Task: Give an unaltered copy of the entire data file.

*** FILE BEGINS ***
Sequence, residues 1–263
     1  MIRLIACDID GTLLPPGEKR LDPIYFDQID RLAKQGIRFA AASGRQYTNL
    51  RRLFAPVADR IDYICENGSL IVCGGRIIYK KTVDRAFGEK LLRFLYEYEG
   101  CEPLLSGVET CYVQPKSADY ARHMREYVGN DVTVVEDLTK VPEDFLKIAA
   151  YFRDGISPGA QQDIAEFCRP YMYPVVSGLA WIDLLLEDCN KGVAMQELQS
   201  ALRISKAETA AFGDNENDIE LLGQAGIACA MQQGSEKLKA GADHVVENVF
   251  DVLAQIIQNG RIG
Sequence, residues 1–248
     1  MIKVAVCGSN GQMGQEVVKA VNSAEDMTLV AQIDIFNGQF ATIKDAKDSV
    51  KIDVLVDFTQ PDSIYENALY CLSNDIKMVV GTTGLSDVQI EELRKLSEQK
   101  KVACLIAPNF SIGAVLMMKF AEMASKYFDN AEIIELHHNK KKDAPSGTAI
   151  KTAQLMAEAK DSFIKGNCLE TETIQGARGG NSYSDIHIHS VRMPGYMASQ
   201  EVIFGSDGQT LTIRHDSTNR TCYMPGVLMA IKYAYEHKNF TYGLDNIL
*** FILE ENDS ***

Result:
Sequence, residues 1–263
     1  MIRLIACDID GTLLPPGEKR LDPIYFDQID RLAKQGIRFA AASGRQYTNL
    51  RRLFAPVADR IDYICENGSL IVCGGRIIYK KTVDRAFGEK LLRFLYEYEG
   101  CEPLLSGVET CYVQPKSADY ARHMREYVGN DVTVVEDLTK VPEDFLKIAA
   151  YFRDGISPGA QQDIAEFCRP YMYPVVSGLA WIDLLLEDCN KGVAMQELQS
   201  ALRISKAETA AFGDNENDIE LLGQAGIACA MQQGSEKLKA GADHVVENVF
   251  DVLAQIIQNG RIG
Sequence, residues 1–248
     1  MIKVAVCGSN GQMGQEVVKA VNSAEDMTLV AQIDIFNGQF ATIKDAKDSV
    51  KIDVLVDFTQ PDSIYENALY CLSNDIKMVV GTTGLSDVQI EELRKLSEQK
   101  KVACLIAPNF SIGAVLMMKF AEMASKYFDN AEIIELHHNK KKDAPSGTAI
   151  KTAQLMAEAK DSFIKGNCLE TETIQGARGG NSYSDIHIHS VRMPGYMASQ
   201  EVIFGSDGQT LTIRHDSTNR TCYMPGVLMA IKYAYEHKNF TYGLDNIL